How you implement change in the workplace can be a very challenging task. Rest assured that if you go about change in the wrong way, then it will be felt by the people that are impacted by the changes you make. The best way to manage change is for it to be as transparent as possible. While this isn’t always an option, you should still strive to keep the impact as minimal as possible. So what does this mean? Well, just because you should minimize the impact of change doesn’t mean that you can’t make big change happen. For instance, you can change an entire operation and if managed correctly it could be less of an impact than a minor departmental role change.

While I have managed change in my role since I began my career, each one I make is always different from the other, even if the physical portion is the same. I say this because you have to account for so many things when you are wanting to implement change, and you should never take anything for granted. Below is a list of 8 areas that I take in to account when evaluating how to implement the change.

Increase Your Success When You Implement Change

1. Current Environment

Having an understanding of the environment you will implement change in is a large thing to consider, and one that I often start with in my initiatives. The environment shouldn’t be limited to just the physical aspect, but also the climate. The environment in which you are making your change in will dictate your approach and strategy, and should not be taken for a cookie cutter approach. For example, let’s say you implemented change in department ‘x’ before with a different company. The change you need to implement is an exact replica of what you are working on with a new company. Just because it is the same physical function you are changing doesn’t mean you will yield the same results, and this is due to the environment.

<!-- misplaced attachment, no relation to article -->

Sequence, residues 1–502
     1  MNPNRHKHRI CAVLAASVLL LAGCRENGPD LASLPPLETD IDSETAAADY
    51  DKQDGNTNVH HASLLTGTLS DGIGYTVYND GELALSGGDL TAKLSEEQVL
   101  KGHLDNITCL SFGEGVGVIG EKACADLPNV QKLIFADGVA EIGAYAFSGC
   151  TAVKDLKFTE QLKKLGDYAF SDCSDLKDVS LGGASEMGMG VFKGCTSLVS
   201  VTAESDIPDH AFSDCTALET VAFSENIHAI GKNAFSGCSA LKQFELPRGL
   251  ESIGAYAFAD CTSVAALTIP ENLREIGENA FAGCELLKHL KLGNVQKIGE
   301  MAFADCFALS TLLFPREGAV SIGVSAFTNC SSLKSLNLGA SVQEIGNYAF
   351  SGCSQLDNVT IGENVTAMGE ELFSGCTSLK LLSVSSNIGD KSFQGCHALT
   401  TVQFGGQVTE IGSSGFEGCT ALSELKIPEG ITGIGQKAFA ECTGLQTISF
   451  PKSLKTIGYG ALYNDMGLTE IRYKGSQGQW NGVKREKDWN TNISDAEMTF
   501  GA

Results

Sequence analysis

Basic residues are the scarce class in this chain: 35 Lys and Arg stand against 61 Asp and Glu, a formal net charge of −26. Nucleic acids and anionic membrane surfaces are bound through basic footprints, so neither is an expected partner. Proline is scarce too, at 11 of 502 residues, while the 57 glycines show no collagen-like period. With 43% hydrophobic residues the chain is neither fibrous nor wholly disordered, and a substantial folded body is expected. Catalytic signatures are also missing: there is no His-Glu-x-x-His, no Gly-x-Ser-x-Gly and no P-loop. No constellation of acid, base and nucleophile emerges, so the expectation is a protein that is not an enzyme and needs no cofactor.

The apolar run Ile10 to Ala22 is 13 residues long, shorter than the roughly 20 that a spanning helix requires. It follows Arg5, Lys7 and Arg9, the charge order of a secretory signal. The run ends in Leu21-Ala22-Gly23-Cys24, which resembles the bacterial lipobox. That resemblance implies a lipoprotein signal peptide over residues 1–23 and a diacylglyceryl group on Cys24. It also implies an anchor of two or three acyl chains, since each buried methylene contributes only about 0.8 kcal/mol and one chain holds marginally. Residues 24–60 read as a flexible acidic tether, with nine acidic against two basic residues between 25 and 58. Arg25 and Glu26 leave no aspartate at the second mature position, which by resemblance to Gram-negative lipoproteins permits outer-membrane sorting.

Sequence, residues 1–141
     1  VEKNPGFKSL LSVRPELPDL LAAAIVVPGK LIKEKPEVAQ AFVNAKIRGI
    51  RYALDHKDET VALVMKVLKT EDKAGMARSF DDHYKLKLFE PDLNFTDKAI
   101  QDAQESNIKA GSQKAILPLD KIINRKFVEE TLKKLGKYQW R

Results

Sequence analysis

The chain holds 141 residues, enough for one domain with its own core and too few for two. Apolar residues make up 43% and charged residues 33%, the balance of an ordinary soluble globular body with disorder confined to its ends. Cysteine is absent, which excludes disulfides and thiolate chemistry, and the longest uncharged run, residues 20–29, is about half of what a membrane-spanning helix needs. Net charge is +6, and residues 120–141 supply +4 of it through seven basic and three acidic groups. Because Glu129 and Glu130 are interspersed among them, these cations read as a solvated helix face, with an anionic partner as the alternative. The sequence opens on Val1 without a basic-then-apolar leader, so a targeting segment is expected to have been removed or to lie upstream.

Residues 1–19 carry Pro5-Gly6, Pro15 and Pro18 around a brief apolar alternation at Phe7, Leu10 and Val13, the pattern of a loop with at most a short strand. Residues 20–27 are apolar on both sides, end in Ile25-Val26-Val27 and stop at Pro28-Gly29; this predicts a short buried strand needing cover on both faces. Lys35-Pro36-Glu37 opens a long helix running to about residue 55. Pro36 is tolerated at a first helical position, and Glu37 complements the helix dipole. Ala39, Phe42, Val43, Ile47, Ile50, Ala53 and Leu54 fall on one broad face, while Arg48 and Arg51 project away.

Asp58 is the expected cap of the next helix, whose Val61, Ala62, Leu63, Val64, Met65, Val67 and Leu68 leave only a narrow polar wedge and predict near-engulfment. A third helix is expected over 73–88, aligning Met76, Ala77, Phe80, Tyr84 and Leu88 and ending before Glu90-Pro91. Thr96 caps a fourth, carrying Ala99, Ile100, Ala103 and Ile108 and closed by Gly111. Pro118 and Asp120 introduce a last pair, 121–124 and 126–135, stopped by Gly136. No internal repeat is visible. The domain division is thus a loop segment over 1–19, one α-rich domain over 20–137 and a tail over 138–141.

The environment consists of several elements, which are actually broken down in the other sections I have in this article. I broke this section out as its own, and start off with it, because you should be considering your environment throughout the course of your initiative. Do your fact finding up front, just like any other project and determine the environment, but if this changes or alters along the way, take strong consideration in to the impact that it might have on it. Change is a very delicate subject and while you need to strive to meet committed dates, but if things aren’t in sync with the environment, pull back and reset the expectations.

2. Anticipated Resistance

This one is always a tricky area because it is mostly subjective to what you think it may be. Ok, so I know that sounds somewhat of a loop, but this area can be boiled down to a “gut” decision. You need to look at things such as how receptive are people to change. Do they like it? Do they hate it? Do they not care? Questions like this are just some of the places to start, and should be further refined based on the environment you are in.

People typically don’t like change, it is just the way things are. People get comfortable, and with this it builds up a sense of security to them as they know what to expect. If you go in to alter this from them, be prepared to run in to some resistance because you are removing that security blanket from them. They suddenly find themselves in an unknown state of what “could be” and it can get frightening to some. Take these things in to consideration during your implementation and make effort to not only show them the future state, but include them in it. If your initiative allows it, include the ones being impacted by change to have a voice in the process. From my experience, this will go a long way.